It was fascinating at the conference, because a lot of the businesses, from very large to quite small but agile exporting businesses said, “You know, I always used to think there was really no role for the government. I was out there. I was competing. It was a free market system. I didn’t need your embassy or your State Department to help me. And now, I look around and I see every other country, from our European friends to our Asian ones, who have a full partner with their government. And we need your help.”
So, what we’re trying to do is to enhance our consular efforts, speed up the visa process – more people are visiting and the more people who visit, the more people here at home actually work. We’re using development dollars to improve the quality of life for millions of people in order to create future trading partners and new markets.
Now oftentimes, people who have a very clear view about what diplomacy and development are for find this kind of jobs diplomacy pitch a little bit jarring because it’s not exactly what either diplomacy or development has been conceived of, but it’s always gone on and it always will go on. We just have to be more intentional and effective in delivering.
My fifth point has to do with continuing to elevate development. It’s an indispensible pillar of our national security strategy. And effective development requires indigenous political will, responsive, accountable and transparent governance, economic frameworks that create opportunities. And to achieve that, we need to broaden our traditional development assistance tools and focus on mobilizing reform through influence and engagement that draws on the strengths and resources of all relevant government agencies.
Diplomacy is central to that, and part of the work we did through the QDDR to help you as the chief of mission truly become the chief executive of the U.S. Government presence in your countries was to ask you to really support the development side of the ledger as well. I will soon be sending you detailed guidance that covers modernizing our diplomacy to better support development. And as we pursue our signature initiatives – the Global Health Initiative, Feed the Future – we are transforming the way we do development. Now sometimes, it’s a little frustrating because we emphasize country ownership. And a lot of people who have done development over the years, they go into a country and they say, well, here’s what you need, and now countries are saying, no, here’s what we want. And so negotiating that is really a diplomatic effort that requires your participation.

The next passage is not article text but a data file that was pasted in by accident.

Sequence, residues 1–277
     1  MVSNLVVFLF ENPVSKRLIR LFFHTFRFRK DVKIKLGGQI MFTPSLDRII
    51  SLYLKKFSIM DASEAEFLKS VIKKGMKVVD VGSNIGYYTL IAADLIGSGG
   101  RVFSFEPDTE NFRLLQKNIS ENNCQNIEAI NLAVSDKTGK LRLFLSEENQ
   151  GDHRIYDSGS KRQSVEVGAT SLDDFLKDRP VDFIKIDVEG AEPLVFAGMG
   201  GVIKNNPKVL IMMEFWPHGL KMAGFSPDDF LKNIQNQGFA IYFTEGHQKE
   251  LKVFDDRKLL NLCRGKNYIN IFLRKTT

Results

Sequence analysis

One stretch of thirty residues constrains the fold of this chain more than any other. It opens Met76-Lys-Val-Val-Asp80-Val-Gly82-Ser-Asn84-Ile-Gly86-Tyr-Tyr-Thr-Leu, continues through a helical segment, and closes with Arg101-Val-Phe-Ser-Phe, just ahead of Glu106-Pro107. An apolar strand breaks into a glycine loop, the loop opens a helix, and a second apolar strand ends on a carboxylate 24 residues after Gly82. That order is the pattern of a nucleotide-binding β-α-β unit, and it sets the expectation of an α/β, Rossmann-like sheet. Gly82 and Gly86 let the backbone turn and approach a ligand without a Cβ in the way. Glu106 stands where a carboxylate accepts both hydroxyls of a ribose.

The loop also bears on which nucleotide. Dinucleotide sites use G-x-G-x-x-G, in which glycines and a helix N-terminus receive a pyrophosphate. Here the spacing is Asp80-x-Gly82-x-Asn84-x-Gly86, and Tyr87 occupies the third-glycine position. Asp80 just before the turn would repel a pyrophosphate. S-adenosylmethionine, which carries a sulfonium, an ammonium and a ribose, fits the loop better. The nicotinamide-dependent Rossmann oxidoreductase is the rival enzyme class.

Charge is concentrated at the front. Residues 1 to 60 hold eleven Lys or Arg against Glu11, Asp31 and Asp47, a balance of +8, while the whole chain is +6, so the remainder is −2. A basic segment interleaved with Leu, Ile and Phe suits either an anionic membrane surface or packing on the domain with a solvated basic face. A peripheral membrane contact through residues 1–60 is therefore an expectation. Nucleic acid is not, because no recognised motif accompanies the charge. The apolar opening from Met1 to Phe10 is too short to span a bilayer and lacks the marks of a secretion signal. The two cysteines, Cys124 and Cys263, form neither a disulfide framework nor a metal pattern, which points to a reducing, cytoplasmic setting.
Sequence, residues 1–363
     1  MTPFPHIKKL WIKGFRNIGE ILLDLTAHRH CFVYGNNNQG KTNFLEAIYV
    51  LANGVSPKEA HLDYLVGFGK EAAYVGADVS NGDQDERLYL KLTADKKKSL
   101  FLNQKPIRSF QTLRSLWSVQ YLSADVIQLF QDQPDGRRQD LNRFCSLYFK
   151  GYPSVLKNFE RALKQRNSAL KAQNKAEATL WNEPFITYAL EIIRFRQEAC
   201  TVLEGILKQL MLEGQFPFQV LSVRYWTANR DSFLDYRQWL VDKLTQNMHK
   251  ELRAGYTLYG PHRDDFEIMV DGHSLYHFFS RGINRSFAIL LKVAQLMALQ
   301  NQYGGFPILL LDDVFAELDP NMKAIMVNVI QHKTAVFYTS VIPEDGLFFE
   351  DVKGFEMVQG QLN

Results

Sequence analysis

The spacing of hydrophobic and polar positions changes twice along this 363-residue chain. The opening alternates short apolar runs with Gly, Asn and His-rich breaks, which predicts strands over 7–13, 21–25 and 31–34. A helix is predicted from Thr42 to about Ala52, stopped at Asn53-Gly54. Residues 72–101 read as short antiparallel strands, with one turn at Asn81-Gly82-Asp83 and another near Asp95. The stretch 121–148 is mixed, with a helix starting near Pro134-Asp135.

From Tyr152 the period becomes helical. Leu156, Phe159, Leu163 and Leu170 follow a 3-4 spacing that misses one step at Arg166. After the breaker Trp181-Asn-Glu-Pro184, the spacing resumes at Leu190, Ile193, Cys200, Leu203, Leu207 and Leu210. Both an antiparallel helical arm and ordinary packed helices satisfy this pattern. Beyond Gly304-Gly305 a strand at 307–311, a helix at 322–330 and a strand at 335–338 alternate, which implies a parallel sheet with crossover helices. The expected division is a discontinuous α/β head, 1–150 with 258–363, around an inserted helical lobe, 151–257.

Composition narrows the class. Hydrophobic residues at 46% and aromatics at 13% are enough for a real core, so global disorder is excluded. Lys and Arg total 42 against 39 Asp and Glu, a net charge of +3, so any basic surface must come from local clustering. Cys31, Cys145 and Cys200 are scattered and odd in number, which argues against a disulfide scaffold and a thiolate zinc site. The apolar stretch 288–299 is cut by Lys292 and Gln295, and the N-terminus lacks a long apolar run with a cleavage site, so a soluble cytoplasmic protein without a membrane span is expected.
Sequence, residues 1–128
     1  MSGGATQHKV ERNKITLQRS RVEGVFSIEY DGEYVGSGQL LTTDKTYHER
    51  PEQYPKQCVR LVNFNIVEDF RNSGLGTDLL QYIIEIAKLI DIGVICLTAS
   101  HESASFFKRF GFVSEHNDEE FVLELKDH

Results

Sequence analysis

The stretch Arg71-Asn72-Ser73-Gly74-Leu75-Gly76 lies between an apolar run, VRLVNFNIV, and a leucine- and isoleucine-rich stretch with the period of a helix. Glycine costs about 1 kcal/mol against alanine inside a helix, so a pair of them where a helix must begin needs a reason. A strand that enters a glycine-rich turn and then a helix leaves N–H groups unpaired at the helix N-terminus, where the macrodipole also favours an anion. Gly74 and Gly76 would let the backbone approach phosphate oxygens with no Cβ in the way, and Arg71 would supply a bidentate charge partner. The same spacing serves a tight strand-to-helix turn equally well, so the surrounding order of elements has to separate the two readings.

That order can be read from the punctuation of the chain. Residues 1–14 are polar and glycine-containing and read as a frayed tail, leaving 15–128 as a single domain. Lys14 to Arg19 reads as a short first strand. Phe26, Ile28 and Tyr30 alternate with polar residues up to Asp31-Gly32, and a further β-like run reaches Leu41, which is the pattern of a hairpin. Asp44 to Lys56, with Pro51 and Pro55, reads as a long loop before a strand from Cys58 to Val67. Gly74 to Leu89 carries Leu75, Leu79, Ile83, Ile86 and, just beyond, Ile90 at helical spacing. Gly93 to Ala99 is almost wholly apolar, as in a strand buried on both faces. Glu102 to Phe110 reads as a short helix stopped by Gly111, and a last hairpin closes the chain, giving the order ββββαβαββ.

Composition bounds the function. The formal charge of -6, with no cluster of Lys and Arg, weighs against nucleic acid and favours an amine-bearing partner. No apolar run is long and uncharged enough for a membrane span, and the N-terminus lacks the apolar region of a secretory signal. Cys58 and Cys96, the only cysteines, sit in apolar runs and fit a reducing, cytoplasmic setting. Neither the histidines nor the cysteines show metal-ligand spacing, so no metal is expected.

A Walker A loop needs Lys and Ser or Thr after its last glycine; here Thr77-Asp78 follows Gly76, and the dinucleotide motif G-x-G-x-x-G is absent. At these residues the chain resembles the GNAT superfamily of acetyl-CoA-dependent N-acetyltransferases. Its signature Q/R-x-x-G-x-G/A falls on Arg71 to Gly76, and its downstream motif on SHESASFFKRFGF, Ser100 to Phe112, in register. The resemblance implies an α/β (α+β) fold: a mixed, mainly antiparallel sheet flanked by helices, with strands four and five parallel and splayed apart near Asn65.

Our Global Health Initiative will reach 6 million people with lifesaving HIV/AIDS treatment by 2013, creating the foundation for an AIDS-free generation. And our Feed the Future Initiative is driving agricultural growth and improving nutrition. So we’re increasing our capacity within countries so they can take on more responsibility. We have to move for – towards sustainability. We’ve had so much rhetoric about that and now we have to translate it into an active agenda. It just doesn’t work anymore that when we go into a country with our aid, the government in the country basically withdraws from that area and uses the money that they were using, for example, on health, to do something else.
So we have to be much more engaged at all levels of the government. It’s not just the ministers of development. It’s the finance ministers, the foreign ministers, and everyone else. So I think where we are looking to move is to partner with governments, local groups, and the private sector – not substitute for them – and then to deliver measurable results. And Dr. Raj Shah has made creating a results-oriented AID his highest priority.